Syndicate analysts argue that Lotte Chemical Titan’s capacity additions will help it to maintain strong earnings growth at a time of expanding domestic demand and at the expense of foreign competitors, disadvantaged by Asean’s 10% import tariffs.

Analysts forecast the company will bring an additional 12% of production capacity on stream this year, followed by 6% in 2018 and then 18% in 2019 when a 40%-owned US shale gas project comes on stream.

Most of Lotte Chemical Titan’s earnings are derived from Malaysia and Indonesia (67.2%), which are both net petrochemical importers, implying future upside for local producers. In 2016, a further of 11.3% of sales came from China, 9.7% from the rest of Asia and 11.8% from the rest of the world.

By contrast, Petronas Chemical has a slightly more diversified global footprint, with 33% of 2016 sales to Malaysia, 24% to Asean, 22% to China and 21% to the rest of the world.  

Bankers say investors view Petronas Chemical as Lotte Chemical Titan’s closest comparable. And they believe the latter should come at a discount since Petronas Chemical benefits from subsidised feedstock for its gas crackers.

Lotte Chemical Titan uses naptha for its olefin plants, which means investors also need to make a judgement about oil prices.

Syndicate analysts believe that Lotte Chemical Titan’s Southeast Asian focus should partially insulate it from concerns about supply/demand shifts affecting the global cycle.

For some non-syndicate houses like UBS believe the global cycle has another two years to run, while others such as Morgan Stanley and Bank of America Merrill Lynch are far more bearish.

At issue is how much global ethylene capacity is coming on stream after years of underinvestment.

On the one side, UBS believes investors are underestimating the impact of China’s environmental reforms on purported new supply from the country. As a result, it argues that Lotte Chemical will be able to maintain above average return on equity ratios (22% in 2016), which are not currently reflected in its share price.

On the other side, Morgan Stanley is more focused on the US, where up to 8.4 million tons per annum of ethylene production is forecast to come on stream between 2017 and 2019. This compares to an average of three mpta between 2011 and 2015.

Syndicate analysts counter that even if the cycle turns, Lotte Chemical Titan should be able to sustain high profits because it has maintained high utilisation rates, while diversifying its products, raw materials and markets since it was taken private in 2010.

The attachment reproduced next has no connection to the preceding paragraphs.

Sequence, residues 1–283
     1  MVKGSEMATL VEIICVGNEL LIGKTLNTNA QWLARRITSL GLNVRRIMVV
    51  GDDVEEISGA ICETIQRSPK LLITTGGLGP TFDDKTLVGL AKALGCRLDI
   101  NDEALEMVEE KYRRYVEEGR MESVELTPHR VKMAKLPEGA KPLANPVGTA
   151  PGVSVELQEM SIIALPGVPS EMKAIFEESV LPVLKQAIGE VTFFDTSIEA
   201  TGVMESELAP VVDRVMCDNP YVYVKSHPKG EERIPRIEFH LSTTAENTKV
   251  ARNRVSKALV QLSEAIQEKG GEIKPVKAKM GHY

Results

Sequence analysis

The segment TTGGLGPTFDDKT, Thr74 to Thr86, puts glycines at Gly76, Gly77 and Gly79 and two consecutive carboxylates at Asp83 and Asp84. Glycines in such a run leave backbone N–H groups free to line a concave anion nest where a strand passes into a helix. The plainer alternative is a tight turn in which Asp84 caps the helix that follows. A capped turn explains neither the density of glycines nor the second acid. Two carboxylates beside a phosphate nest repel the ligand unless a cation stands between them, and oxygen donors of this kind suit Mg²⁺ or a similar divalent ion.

According to S&P Global Market Intelligence data, the Lotte Group purchased the company from a group of investors led by the Chao family and Permodalan Nasional Berhad (PNB) for M$3.672 billion, or 7.6 times forward earnings. 

Today, it accounts for 53% of Malaysia’s polyethylene production capacity, 100% of its polypropylene capacity and 57% of Indonesia’s polyethylene capacity according to its regulatory filing.

Deal details

The filing also shows the company is issuing 740.48 million new shares, which equates to 30% of its enlarged share capital.

This splits into a 55.78 million share retail tranche, plus a prospective 400.8 million share institutional tranche and 283.8 million share bumiputera tranche. There is also a 55.5 million share greenshoe.

The deal also has four cornerstone investors, with three (Eastspring Investments, Great Eastern Holding Malaysia and Malayan Banking Asset Management) participating through the institutional tranche and one (PNB back for more Titan) through the bumiputera tranche. The three will take up just under 20% of the institutional tranche.

The IPO is likely to formally launch in mid-June, with order books closing in late June and listing tentatively scheduled for the second week of July.

On trading, Lotte Chemical Titan should yield 3.3% based on the M$8 upper issue price, equating to a 50% payout ratio.

However, analysts also say the deal may have a wider price range than recent offerings given its size and in line with the precedent set by Petronas Chemical, Malaysia’s largest IPO to date.

This former deal raised M$12.85 billion in 2010 and went out with a M$4.50 to M$5.20 price range before pricing at the top.

Joint global co-ordinators for Lotte Chemical Titan’s IPO are MaybankCredit Suisse and JP Morgan, with CIMBHSBC and Nomura on joint books.